Taliban says there is ‘no proof’ that Osama bin Laden was part of 9/11 attacks

Following the 9/11 attacks, the Taliban, who had already given Osama bin Laden safe shelter for several years during their control of Afghanistan, refused to hand him over to the United States.

NEW DELHI The Taliban have stated that there is “no proof” that Osama bin Laden, the fallen Al Qaeda leader, was engaged in the terrorist attacks of September 11, 2001.

Following the 9/11 attacks, the Taliban, who had provided safe haven to Osama bin Laden for several years during their previous control in Afghanistan, refused to hand him over to the US.

Taliban spokesman Zabihullah Mujahid told NBC News in an interview broadcast on Wednesday, according to the Washington Post, that Osama bin Laden was in Afghanistan when he became a problem for the Americans, despite the fact that there was no proof he was involved.

Now, Taliban have pledged that Afghan soil will not be utilized against anyone.

The enmity between Taliban and United States

President George W. Bush ordered that the Taliban hand up bin Laden and dismantle ‘terrorist training camps’ after the 2001 attacks on the World Trade Center towers and the Pentagon, which it claimed were masterminded by bin Laden.

When the Taliban refused, Bush unleashed an aerial campaign that, when joined with ground forces from the Afghan Northern Alliance, destroyed the regime, according to the Washington Post.

Osama bin Laden was the leader of the Al Qaeda and called by US as the mastermind behind the attacks on the United States on September 11, 2001.

In 2011, he was assassinated by US Navy Seals in a military operation in the garrison town of Abbottabad.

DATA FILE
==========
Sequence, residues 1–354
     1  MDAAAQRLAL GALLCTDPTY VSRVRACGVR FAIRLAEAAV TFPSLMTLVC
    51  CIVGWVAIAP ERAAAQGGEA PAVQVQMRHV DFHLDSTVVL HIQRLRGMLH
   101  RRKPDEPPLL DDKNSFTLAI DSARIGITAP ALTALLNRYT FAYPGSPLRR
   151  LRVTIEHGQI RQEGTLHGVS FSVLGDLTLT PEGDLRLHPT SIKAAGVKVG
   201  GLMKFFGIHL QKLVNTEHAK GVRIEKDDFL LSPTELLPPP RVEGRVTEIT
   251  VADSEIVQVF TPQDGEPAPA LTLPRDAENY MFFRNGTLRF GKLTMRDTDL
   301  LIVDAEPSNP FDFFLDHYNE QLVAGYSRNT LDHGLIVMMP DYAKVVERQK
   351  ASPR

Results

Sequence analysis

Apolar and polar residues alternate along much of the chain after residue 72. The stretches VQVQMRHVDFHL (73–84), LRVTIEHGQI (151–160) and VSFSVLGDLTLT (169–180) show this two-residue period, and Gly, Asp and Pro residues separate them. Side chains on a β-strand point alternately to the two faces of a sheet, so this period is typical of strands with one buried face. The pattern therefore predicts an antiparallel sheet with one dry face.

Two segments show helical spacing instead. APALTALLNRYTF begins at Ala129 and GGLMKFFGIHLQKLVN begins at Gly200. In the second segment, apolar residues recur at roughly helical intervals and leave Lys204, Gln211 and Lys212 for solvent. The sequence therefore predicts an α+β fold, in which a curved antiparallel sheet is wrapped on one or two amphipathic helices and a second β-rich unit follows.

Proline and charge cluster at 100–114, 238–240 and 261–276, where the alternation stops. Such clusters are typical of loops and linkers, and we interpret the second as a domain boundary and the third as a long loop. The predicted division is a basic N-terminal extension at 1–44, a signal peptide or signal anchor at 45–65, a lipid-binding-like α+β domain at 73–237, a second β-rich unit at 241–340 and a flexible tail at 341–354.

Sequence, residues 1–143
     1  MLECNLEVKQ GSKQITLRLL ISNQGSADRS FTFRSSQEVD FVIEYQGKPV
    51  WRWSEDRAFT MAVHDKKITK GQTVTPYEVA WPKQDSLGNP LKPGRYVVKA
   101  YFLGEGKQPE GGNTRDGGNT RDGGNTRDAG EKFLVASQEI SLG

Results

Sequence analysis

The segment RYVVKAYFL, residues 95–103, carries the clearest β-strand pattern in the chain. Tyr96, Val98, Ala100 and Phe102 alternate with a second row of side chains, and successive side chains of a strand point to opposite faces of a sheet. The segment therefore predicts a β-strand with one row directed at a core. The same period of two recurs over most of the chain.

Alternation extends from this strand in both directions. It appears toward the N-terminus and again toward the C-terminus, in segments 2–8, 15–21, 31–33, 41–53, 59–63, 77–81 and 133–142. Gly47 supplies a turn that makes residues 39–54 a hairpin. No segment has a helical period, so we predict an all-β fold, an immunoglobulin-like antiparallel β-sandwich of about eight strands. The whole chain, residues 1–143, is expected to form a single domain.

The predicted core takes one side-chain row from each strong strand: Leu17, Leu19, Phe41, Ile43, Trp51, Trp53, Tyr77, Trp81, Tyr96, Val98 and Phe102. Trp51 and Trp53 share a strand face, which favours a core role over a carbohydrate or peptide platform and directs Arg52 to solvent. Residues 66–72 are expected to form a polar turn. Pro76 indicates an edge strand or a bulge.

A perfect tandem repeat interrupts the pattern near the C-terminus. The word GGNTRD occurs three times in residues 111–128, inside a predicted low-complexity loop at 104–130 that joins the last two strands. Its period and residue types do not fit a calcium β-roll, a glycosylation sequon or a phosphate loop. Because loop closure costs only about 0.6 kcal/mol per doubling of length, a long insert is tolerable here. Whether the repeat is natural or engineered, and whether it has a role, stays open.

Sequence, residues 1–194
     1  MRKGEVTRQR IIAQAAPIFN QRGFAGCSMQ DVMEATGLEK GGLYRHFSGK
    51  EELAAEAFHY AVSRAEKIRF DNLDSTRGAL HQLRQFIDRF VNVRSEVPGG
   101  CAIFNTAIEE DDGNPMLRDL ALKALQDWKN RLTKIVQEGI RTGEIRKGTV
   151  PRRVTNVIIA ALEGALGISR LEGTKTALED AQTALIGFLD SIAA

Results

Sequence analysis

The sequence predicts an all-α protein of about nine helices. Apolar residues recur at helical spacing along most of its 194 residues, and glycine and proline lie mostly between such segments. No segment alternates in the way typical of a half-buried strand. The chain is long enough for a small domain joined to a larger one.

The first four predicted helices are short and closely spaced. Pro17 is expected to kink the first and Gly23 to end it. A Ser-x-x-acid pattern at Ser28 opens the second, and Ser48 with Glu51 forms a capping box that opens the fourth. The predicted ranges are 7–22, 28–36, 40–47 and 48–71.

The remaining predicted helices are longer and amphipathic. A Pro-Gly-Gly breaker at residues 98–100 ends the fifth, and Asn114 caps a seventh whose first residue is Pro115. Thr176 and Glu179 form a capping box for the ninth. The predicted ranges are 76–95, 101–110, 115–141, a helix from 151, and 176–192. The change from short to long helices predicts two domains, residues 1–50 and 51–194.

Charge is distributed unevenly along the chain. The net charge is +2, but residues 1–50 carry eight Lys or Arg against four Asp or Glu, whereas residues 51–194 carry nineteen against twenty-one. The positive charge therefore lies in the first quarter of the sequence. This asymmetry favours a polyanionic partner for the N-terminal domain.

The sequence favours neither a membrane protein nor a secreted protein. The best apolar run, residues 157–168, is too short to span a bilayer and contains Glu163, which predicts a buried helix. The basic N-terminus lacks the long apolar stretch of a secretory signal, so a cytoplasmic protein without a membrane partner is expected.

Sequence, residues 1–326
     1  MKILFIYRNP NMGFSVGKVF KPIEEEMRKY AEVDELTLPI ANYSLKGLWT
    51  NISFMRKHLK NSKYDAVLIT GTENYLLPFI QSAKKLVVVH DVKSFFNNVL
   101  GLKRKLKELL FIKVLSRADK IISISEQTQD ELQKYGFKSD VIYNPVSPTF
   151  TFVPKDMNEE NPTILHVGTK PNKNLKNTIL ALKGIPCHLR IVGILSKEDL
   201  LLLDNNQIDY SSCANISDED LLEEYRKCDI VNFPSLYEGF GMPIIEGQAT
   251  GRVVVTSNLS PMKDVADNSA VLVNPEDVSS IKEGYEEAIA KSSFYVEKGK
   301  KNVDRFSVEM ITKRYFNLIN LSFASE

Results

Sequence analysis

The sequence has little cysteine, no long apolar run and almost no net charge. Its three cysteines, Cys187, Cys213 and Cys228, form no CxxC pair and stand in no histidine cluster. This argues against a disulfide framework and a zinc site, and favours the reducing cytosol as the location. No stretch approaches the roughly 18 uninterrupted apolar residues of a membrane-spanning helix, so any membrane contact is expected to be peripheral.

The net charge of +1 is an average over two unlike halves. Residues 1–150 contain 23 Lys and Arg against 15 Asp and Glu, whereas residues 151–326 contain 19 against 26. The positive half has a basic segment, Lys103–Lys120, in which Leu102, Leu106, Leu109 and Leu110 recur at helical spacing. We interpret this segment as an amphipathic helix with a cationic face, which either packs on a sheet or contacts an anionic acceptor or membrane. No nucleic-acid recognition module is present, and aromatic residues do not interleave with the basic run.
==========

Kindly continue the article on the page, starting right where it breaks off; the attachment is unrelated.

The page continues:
Several military experts have warned that if the Taliban win control of Afghanistan, it will become a breeding ground for terrorism.

The Taliban pledged to terminate connections with al Qaeda as part of the US-Taliban pact agreed in Doha last year.

US conducts drone attack on Islamic State

Meanwhile, the US evacuated roughly 4,200 individuals in 12 hours Friday in a rush to get Americans and Afghans out of Taliban-controlled Kabul and away from anticipated Islamic State threats, according to the Biden administration.

Twelve U.S. military flights “carried approximately 2,100 evacuees,” a White House news release said.

29 coalition flights carried about 2,100 from the Kabul airport, the site of Thursday’s Islamic State attack that killed 13 U.S. service members. The suicide bomber’s blast killed at least 170 people and injured at least 155.

On Friday night, the U.S. military announced that it had carried out a drone strike in eastern Afghanistan that targeted and killed an Islamic State target.

Authorities have warned that another attack from an Afghanistan-based branch of the Islamic State could come during evacuation efforts.

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